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Destroying an empire

Public domain image of Jupiter taken by the Hubble Space Telescope
Public domain image of Jupiter taken by the Hubble Space Telescope

Robert Silverberg Sorcerers of Majipoor
HarperPrism 1998 (1996)

Is it true, as is often said, that there are no new plots in literature? That every story we hear or read or imagine has appeared countless times before? Whether there is just one basic plot or seven or whatever number one can conjure up — and the numbers do vary, despite one theory that there are only seven — it can be argued that pretty much every narrative conforms to an ur-pattern. One might think that there is no need to create new tales when they already exist in one form or another.

Well, of course there are infinite reasons why we continue to invest in narratives, many of them explicable in psychological terms. It’s maybe worth looking in detail at our need for novelty: if there are indeed no ‘new’ plots it’s how we dress them up that creates originality, as when mannequins are arrayed in different clothes and accessories. In any given narrative it’s the combination of elements, often reminiscent of other narratives, that gives it distinction, and this is certainly true for Robert Silverberg’s Sorcerers of Majipoor.

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Across a sea of stars

Majipoor globe
Majipoor and its three continents: illustration by Ken Seamon

Majipoor — even the name sounds fantastical with its hints of both magic and a city on the Indian subcontinent. But no, this is the giant planet that I’ve previously mentioned which features in the planetary romances of Robert Silverberg, and which I’m going to discuss a bit more before I complete all my rereads, and reviews, of the first three ‘prequels’ in the series: Sorcerers of Majipoor (1997), Lord Prestimion (1999) and King of Dreams (2000). But first, a bit of science.

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Strange places

mount everest

One April afternoon in 1978 the author Robert Silverberg heard what he called “the old familiar voice in my head whispering things to me.” Rushing into his office he reports scribbling this on the back of an envelope:

“The scene is a giant planet-sized city — an urban Big Planet, population of billions, a grand gaudy romantic canvas. The city is divided into vast subcities, each with its own characteristic tone. The novel is joyous and huge — no sense of dystopia.

“The book must be fun. Picaresque characters. Strange places – but all light, delightful, rafish [sic] …”

This was the germ of his idea for Lord Valentine’s Castle (1980), leading in time to a series of science fantasy novels set on the giant planet of Majipoor. I’ve already reviewed Kingdoms of the Wall (1993), a sort of prequel in all but name, and Tales of Majipoor (2013), a collection of novellas and short stories (aka ‘novelettes’); and am now planning a reread of the novels and of another, earlier short story collection called Majipoor Chronicles (1995). My reviews, I hope, will give a flavour of what I find attractive about the series for those who aren’t yet acquainted with it and, for those who do have that familiarity, perhaps provide a somewhat oblique view of why some of the entries in the sequence work better than others.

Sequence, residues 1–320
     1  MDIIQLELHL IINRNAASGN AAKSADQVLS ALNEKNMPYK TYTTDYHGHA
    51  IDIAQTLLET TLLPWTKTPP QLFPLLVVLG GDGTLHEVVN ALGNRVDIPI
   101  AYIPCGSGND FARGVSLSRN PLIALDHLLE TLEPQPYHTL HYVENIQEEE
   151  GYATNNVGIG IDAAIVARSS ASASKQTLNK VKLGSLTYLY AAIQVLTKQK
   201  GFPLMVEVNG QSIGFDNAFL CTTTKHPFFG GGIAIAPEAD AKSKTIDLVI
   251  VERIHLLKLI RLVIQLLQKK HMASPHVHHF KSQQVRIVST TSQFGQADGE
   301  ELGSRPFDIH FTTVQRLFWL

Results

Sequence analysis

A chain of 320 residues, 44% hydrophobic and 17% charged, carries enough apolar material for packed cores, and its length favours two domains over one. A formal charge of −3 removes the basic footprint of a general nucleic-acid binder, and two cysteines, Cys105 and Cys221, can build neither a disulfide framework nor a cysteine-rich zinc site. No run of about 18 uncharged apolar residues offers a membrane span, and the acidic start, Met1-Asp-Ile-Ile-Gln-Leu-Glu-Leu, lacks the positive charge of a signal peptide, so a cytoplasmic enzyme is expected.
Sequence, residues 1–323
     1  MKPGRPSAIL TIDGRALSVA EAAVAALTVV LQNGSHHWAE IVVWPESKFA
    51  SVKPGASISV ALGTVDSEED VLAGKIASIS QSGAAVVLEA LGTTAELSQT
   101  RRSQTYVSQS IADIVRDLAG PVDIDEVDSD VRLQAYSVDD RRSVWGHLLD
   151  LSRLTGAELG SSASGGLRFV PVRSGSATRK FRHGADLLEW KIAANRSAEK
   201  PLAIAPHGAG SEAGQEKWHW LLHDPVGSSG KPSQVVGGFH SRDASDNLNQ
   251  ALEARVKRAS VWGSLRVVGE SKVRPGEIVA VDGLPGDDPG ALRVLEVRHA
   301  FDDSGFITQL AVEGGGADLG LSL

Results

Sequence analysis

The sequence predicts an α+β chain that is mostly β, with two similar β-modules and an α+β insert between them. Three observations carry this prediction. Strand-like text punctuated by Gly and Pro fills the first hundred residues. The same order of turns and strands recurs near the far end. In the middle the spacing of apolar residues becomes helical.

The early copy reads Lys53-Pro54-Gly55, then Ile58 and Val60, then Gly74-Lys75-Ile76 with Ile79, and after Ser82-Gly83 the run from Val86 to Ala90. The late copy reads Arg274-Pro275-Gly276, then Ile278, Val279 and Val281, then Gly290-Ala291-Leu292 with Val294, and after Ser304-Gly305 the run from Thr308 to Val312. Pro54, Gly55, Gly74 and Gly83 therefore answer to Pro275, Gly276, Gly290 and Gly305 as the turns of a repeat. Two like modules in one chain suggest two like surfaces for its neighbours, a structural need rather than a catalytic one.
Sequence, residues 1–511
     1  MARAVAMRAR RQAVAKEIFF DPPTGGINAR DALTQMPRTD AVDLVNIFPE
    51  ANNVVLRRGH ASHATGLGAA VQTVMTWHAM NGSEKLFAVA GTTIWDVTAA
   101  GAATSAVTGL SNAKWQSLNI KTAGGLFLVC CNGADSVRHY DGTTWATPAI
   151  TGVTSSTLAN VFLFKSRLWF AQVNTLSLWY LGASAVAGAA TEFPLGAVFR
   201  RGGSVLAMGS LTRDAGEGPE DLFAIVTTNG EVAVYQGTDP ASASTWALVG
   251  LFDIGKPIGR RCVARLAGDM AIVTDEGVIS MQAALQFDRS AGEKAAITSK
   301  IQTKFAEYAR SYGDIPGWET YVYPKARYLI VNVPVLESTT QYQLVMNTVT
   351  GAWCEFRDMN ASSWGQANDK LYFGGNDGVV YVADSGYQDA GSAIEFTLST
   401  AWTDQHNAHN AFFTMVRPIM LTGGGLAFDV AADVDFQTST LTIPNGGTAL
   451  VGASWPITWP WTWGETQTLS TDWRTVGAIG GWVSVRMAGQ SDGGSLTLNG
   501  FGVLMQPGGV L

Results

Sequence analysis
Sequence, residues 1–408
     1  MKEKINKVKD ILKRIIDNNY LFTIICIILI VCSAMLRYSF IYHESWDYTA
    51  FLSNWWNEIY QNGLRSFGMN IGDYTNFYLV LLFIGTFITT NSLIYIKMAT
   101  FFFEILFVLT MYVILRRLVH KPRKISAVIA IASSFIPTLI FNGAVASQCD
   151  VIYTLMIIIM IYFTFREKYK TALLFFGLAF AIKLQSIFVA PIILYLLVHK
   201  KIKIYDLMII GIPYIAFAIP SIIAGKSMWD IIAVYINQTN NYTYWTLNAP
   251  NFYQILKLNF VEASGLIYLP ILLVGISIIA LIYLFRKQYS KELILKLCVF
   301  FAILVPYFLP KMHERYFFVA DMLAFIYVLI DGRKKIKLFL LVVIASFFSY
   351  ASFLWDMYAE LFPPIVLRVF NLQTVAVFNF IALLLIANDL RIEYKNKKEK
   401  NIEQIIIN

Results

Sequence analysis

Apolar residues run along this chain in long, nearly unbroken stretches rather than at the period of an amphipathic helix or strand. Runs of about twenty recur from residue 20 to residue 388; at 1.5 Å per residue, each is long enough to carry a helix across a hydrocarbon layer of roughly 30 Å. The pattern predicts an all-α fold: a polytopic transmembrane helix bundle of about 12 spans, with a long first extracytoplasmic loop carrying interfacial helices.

Just as an introduction, let’s look at some of the qualities Silverberg enumerates for what turned out to be the first Majipoor novel:

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Many meanings

cropped-stars.jpgPrimo Levi A Tranquil Star
Translated by Ann Goldstein and Alessandra Bastagli
Penguin Modern Classics 2008 (2007)

‘A Tranquil Star’ — the last of seventeen short stories which gives its name to this selection of previously unpublished pieces in translation — is as good a place as any to start a consideration of this collection. It begins with a discussion of the inadequacy of superlatives (immense, colossal, extraordinary) to give indications of comparative size, especially when it comes to stars. Al-Ludra is the now not-so-tranquil star when it comes to its convulsive, cataclysmic end; how to describe an event which is beyond the comprehension of most, an event that is measured “not in millions or billions of years but of hours and minutes”? All we can do is relate its death to the impact it has on a human being, something we can more easily understand. On October 19th 1950 Ramón Escojido, a Peruvian married to his Austrian wife Judith, notices something unusual in photos taken from his mountain observatory. His dilemma is this: does he assume it’s a blemish on his photographic plate of the night sky, or does he cancel the planned family excursion to double-check if, in fact, it’s really a supernova?

While some stories may seem impersonal at first sight, underlying them all is the all-too-human individual. Continue reading “Many meanings”